By Doralisa Pilarte
In February 2010, while most of the DC region was digging out of Snowmaggedon, Dr. Silvio Menzano, director of Marymount’s Counseling Center, was hunkered down in front of his home computer, taking an online test that he hoped would make him a contestant on what the U.S. Patent and Trademark Office has granted official status as “America’s Favorite Quiz Show.”
A few weeks later, as patches of ground began to peep through the snow and ice, an e-mail delivered the news: He had surmounted the initial hurdle and was invited to an in-person interview with the Jeopardy! contestant-search team in Washington, DC.
A lifelong Jeopardy! enthusiast, Dr. Menzano had vied for a spot twice before, for the Teen Tournament and the College Championships. This was the closest he’d gotten to his goal.
In early June, he found himself in a room with 25 other DC-area residents who had scored high online. The day included more testing, a mock game with buzzers, and a personality interview. At its conclusion, Menzano was told that he had made it into the pool of possible contestants and could expect to be called sometime during the next 18 months! As it happened, he didn’t have to wait long: The muchanticipated phone call came in mid- July, inviting him to come to the Sony Studios in Los Angeles on August 23 and 24 to be on the show.
Menzano explains, “The contestants pay for their own flight, lodging, and food. But even if you end up in second place, you get $2,000. Third-place contestants get $1,000. So the worst you can do is break even.”
The show films five episodes per day, Monday through Friday. Contestants can be eliminated on their first try or go on to challenge Ken Jennings, who remains the record-holder for winning the most consecutive games – 74. (Jennings took home more than $2.5 million in the show’s 2004-05 season.)
Silvio Menzano arrived at the Sony Studios in Culver City for make-up and preparation at 8:30 a.m. on August 23. Taping began at 11 a.m., but he wasn’t called. On the second day, his chance to play finally came.
Dr. Menzano’s two competitors were up and down throughout the game, which he notes is not solely about intellect. He says, “During a break, one of the handlers came up to me and said that I was buzzing a little too fast, to hold back a bit. What viewers don’t see is that there are lights that come on when it’s OK to buzz. Jumping the lights locks you out for a quarter of a second. That’s the thing: Half of what you see on the show is knowledge and memory, and the other half is how well you time your buzzer. And that’s something you can’t really prepare for.”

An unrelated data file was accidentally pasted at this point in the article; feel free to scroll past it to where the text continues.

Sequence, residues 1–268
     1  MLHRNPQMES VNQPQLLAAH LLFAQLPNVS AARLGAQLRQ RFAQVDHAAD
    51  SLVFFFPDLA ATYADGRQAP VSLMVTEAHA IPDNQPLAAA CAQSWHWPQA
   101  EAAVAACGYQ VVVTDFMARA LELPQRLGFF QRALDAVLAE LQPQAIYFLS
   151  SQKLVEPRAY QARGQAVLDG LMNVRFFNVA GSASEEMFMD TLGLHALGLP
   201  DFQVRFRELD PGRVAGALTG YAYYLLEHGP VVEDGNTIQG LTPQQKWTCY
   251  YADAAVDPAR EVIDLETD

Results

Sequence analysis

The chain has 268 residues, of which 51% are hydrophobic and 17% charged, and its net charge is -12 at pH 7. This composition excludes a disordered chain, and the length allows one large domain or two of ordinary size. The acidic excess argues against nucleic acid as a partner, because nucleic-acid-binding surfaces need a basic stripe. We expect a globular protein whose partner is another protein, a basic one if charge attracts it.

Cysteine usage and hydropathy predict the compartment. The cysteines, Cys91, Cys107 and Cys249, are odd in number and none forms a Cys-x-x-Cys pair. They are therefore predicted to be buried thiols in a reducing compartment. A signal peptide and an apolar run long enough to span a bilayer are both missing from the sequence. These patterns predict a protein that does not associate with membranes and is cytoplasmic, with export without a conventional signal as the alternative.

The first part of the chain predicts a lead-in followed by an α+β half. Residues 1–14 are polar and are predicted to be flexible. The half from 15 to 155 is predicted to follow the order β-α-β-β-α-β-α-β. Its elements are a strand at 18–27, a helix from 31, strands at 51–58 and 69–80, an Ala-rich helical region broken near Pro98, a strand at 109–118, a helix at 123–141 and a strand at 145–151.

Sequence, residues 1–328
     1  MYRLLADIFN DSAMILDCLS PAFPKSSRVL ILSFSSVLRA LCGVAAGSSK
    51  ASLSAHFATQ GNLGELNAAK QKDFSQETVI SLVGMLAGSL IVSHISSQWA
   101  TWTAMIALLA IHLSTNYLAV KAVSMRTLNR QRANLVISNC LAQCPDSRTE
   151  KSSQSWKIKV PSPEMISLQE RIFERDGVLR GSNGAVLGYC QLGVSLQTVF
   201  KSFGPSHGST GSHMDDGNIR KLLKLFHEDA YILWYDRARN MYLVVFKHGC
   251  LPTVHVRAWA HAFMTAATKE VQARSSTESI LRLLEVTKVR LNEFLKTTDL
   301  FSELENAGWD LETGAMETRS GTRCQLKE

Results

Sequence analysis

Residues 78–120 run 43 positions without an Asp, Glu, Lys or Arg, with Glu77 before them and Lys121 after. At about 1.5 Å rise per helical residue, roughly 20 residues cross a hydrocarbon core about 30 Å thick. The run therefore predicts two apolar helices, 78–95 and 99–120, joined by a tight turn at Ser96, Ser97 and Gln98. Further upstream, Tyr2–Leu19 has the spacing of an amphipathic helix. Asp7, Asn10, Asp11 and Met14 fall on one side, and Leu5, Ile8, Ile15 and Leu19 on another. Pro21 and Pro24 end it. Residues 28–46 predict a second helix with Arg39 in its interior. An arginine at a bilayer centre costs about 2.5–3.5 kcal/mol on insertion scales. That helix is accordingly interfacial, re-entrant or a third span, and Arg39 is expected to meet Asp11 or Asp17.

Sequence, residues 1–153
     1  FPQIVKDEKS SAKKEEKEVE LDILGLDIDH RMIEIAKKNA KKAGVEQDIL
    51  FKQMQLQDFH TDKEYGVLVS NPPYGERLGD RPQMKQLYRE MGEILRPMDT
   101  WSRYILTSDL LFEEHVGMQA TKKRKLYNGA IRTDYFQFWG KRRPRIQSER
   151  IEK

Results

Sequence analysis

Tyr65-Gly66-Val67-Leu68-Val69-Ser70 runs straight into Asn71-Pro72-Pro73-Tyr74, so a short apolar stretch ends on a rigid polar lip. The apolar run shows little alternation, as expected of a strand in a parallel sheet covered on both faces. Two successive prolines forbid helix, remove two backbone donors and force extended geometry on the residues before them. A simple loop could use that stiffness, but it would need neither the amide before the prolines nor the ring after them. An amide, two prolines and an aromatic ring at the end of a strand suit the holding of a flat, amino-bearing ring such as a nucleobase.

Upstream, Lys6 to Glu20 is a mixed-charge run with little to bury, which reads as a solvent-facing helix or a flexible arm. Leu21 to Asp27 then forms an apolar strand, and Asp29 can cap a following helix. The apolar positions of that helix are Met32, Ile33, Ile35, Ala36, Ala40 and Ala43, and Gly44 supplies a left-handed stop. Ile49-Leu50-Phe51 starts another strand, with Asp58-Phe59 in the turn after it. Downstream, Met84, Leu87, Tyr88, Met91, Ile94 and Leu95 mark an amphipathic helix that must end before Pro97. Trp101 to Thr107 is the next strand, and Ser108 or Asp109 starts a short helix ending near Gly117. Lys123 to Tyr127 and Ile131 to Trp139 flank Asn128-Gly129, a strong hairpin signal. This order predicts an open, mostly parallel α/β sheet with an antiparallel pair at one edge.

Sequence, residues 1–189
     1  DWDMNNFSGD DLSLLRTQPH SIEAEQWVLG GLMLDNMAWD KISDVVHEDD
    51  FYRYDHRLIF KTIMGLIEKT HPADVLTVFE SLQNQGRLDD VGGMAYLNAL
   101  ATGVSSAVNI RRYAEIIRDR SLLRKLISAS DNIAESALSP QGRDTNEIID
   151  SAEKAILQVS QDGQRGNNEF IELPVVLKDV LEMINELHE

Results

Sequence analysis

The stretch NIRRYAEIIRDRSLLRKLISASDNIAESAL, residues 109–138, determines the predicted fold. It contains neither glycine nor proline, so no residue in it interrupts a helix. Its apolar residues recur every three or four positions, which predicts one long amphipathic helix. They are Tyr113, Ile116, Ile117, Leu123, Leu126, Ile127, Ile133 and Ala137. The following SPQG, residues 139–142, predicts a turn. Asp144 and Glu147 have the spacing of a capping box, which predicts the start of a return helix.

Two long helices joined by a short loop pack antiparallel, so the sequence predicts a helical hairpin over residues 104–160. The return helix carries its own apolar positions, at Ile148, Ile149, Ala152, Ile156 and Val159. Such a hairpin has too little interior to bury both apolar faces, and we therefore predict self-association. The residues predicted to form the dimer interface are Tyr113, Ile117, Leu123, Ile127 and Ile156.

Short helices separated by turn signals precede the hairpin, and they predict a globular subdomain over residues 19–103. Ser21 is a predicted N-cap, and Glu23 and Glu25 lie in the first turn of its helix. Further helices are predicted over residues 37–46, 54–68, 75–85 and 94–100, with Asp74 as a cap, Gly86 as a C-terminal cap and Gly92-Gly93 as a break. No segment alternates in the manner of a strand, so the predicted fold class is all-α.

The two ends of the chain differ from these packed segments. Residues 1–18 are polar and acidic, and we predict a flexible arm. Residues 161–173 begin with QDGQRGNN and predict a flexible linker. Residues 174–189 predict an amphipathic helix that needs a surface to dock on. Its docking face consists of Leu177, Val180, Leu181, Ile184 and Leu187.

Menzano went into Final Jeopardy dead last, with just $5,200, while each of the other contestants had over $10,000. The final category was “Business Pairings” and the clue was “The names of two men, one born in Germany in 1834, and one in Kansas in 1875, were joined in this company name lasting from 1998-2007.”1
The other contestants bet nearly everything they had, and they both got the answer wrong! Dr. Menzano says, “I was in third place and I’m like, ‘These two have about twice as much money as I do, so I need to bet it all. Go big, or go home!’”
The strategy paid off, and Menzano progressed to the Winner’s Circle, the Valhalla of Jeopardy! enthusiasts, with winnings of $10,300. He says, “I was pumped! The adrenaline was rushing. I got it right, but it was divine intervention.”
Menzano adds, “The second show was taped almost immediately after the first. They give you just enough time to freshen up and change clothes, and to interview you on camera for what they call ‘Hometown Howdies,’ where you get to say hi to the folks back home.”
In his “Hometown Howdy,” which was posted on the Jeopardy! website, Dr. Menzano acknowledged MU’s Counseling Center staff, saying, “Thanks for holding down the fort. I wouldn’t be here without you!”
On his second show, Silvio Menzano swept the “Italian Words” category, thanks to his cultural heritage, and arrived at Final Jeopardy in third place, with $4,400. The clue, in the “Characters in Novels” category, was “Debuting in a 1960 novel, this character dies following a heart attack on a basketball court in a 1990 book.”2
None of the three contestants knew the correct answer. Unfortunately, Dr. Menzano had bet his entire winnings of $4,400. Still, he walked away from Jeopardy! with $10,300 from the first day’s win, plus great memories of what he laughingly calls “my 15 minutes of fame.”
So what’s he going to do with his windfall? Simple, he says: “The windows and roof on my house need replacing.”
With nine million viewers every night, Jeopardy! gives contestants terrific exposure. Dr. Menzano notes, “After the episodes aired in November, I got lots of calls from people I hadn’t heard from in years. The best story was when I went to vote. The little old lady behind the table at the polling place looked up and said, ‘Weren’t you on Jeopardy! last night?’ Another poll worker jumped up and said, ‘Yes! I saw you, too!’ For that moment, I was a celebrity.”
1 Answer: What is Daimler-Chrysler?
2 Answer: Who is Harold “Rabbit” Angstrom?